The general setup is the following:
- 5 x Raspberry Pi 2 from Pollin for 37.95 Euro each
- A TP-Link 8-Port Gigabit Switch for 20.99 Euro
- a 6-Port RAVpower USB power source (3 x 1.0 Amp, 3 x 2.4 Amp) for 17.99 Euro
- a couple of five micro USB cables for 12.99 Euro
- Identical 16 GB micro-SD cards from Sandisk, Class 10 for 10.99 each
- the Banana Pi (I got mine from notebooksbilliger.de for 33.89 Euro)
- a SATA Power/Data cable to connect a 2.5″ harddisk to the Banana Pi
So altogether I spent around 320 for the electronic parts, some other parts (like SD card and USB cable for the Banana Pi) I had in my stash.
In the next article of this series I’ll describe the case I am currently building out of Lego Technics parts…
Today I successfully managed to configure my Rapsberry Pi in such way, that I can print on my HP LaserJet 4100 from my iOS devices. I followed the instructions from http://rohankapoor.com/2012/06/configuring-the-raspberry-pi-as-an-airprint-server/. Be aware that for iOS 6 some adjustments need to be made, see the end of the instructions.
Besides the configuration instructions on the above mentioned page I had to enable the IPv6 privacy extensions, since cups gave me the following errors in
E [05/Jan/2013:19:23:40 +0100] Unable to open listen socket for address [v1.::1]
:631 - Address family not supported by protocol.
E [05/Jan/2013:19:24:57 +0100] Avahi client failed, closing client to allow a cl
E [05/Jan/2013:19:26:24 +0100] Unable to open listen socket for address [v1.::1]
:631 - Address family not supported by protocol.
To configure these extensions I added the following lines to
net.ipv6.conf.eth0.use_tempaddr = 2
The last step was then to change the IP address to static (should not be necessary, since iOS should be able to find the printserver anyway, but one never knows…) following the instructions from http://www.penguintutor.com/blog/viewblog.php?blog=6306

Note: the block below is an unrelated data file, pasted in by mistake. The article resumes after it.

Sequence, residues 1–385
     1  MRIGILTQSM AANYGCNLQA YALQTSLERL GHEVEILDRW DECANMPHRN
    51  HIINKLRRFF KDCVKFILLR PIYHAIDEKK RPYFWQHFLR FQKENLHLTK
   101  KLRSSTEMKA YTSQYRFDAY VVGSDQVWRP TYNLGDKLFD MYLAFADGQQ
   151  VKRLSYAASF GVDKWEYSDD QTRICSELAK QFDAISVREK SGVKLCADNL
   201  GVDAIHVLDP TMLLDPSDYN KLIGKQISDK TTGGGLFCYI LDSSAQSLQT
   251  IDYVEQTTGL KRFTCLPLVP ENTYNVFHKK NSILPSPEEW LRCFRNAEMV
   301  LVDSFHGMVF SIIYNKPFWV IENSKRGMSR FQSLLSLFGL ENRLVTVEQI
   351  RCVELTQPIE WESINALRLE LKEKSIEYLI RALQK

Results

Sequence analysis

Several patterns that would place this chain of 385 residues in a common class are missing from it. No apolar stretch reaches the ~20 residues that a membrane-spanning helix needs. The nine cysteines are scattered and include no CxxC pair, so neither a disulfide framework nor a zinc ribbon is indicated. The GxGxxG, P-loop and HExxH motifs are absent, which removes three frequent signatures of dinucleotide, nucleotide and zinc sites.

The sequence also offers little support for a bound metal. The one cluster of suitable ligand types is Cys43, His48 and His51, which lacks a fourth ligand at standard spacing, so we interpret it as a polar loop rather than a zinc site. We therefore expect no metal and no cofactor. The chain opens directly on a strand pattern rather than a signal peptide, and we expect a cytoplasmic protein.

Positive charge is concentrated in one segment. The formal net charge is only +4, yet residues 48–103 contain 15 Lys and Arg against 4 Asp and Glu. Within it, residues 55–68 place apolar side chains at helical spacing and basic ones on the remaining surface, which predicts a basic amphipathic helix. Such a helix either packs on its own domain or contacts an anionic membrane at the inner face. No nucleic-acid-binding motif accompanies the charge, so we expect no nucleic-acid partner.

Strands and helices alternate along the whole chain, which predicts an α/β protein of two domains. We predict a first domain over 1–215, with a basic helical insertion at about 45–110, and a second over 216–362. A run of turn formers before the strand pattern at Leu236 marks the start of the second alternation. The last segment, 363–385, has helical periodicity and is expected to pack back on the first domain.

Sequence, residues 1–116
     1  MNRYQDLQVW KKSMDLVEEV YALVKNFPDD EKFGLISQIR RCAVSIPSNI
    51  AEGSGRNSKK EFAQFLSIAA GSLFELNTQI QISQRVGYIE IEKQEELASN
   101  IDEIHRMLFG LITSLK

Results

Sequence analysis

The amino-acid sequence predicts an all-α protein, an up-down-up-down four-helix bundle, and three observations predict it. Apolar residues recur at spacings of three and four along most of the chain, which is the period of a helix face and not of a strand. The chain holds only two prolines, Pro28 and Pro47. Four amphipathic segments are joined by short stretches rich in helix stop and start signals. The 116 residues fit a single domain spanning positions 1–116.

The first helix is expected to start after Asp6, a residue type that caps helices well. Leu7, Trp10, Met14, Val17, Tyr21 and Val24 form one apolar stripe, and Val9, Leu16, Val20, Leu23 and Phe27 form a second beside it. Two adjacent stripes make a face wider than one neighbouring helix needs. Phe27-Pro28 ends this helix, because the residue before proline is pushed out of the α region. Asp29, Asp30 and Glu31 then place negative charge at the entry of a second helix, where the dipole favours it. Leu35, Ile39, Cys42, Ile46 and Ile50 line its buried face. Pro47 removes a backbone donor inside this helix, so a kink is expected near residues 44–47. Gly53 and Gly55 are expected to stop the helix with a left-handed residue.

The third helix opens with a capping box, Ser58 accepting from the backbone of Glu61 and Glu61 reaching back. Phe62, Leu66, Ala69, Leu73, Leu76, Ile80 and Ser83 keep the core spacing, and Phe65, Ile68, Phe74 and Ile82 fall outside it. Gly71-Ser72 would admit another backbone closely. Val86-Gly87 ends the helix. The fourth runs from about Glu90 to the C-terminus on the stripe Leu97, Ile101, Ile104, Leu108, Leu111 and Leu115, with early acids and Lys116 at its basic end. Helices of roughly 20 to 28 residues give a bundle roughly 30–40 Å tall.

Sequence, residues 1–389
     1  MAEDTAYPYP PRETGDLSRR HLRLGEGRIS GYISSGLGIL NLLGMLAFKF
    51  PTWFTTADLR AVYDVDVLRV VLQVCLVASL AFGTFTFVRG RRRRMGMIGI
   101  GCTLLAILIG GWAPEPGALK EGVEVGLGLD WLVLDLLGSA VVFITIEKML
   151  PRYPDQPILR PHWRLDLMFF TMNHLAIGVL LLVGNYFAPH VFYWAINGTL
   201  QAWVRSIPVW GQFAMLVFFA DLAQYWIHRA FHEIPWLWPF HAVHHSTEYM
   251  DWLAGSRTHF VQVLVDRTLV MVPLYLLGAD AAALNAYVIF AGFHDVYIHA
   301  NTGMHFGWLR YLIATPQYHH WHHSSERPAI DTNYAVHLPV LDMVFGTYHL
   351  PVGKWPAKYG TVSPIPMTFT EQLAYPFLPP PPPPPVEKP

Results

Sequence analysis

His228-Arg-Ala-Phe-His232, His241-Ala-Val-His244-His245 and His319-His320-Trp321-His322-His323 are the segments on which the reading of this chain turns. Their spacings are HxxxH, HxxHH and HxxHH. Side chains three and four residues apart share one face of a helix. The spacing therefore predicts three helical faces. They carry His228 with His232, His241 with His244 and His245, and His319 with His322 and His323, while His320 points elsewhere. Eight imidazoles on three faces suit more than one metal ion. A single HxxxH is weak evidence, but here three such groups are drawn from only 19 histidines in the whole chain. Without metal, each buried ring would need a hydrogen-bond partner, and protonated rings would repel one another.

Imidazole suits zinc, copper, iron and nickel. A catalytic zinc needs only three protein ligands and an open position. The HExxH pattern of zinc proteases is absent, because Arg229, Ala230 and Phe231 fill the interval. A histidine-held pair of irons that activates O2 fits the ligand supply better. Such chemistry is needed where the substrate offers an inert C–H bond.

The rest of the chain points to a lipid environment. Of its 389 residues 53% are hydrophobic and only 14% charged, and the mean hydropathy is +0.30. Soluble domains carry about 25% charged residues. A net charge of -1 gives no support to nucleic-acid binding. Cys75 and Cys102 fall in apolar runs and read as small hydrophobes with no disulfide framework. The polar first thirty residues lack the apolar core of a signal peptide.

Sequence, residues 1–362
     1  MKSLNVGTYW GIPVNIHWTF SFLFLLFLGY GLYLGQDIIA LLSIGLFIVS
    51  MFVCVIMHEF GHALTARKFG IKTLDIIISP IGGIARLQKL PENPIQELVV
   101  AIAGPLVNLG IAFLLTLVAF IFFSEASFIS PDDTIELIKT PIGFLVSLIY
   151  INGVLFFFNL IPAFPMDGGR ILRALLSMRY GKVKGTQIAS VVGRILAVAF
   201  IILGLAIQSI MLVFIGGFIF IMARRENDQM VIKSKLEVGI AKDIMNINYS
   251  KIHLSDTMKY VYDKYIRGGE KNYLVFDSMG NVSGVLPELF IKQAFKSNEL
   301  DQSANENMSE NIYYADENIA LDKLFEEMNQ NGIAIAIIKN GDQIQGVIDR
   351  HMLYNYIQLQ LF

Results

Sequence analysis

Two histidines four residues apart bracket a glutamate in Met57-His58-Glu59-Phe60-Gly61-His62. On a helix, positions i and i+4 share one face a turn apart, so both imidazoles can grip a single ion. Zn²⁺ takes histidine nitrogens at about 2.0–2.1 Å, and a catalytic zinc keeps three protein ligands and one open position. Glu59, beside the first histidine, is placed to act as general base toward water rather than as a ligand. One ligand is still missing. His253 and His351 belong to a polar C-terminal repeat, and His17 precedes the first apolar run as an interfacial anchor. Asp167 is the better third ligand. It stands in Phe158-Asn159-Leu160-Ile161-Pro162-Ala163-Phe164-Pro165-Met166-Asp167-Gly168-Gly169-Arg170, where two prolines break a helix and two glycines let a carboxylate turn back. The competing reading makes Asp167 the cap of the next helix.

German summary: Um mit meinem alten HP Laserjet 4100 vom iPad drucken zu können, habe ich einen Raspberry Pi nach einer Anleitung im Internet konfiguriert.
Da ich die TeXlive Quellen lokal auf dem NAS spiegele, muss ich auch von Linux aus auf das Windows Share zugreifen. Mit der folgenden Zeile war es einfach:
sudo mount -t cifs -o username=,password= //192.168.0.2/texlive /media/texlive
/media/texlive muss natürlich existieren…
Heute kam meine Acryl-Box (http://adafruit.com/products/859) sowie das GPIO-Breakout Kit (http://adafruit.com/products/914) für meinen Raspberry an. Die Lieferung aus den USA hat ca. 12 Tage gedauert, ich hatte die preiswerteste Liefermethode gewählt.
Die Passform der Acryl-Box ist wie zu erwarten sehr gut, in den nächsten Tagen liefere ich mal ein Foto nach.
Wie die Raspberry Foundation meldet, kommt Android 4 offiziell für den Raspberry Pi. Bis zum offiziellen Release kann man sich ja mal Razdroid anschauen.
Für LaTeX ist ja tex.stackexchange.com das meiner Ansicht nach beste Forum, um selbst auf kniffelige TeX-Fragen eine schnelle und gute Antwort zu erhalten. Für den Raspberry gibt es jetzt ebenfalls ein Forum bei Stackexchange: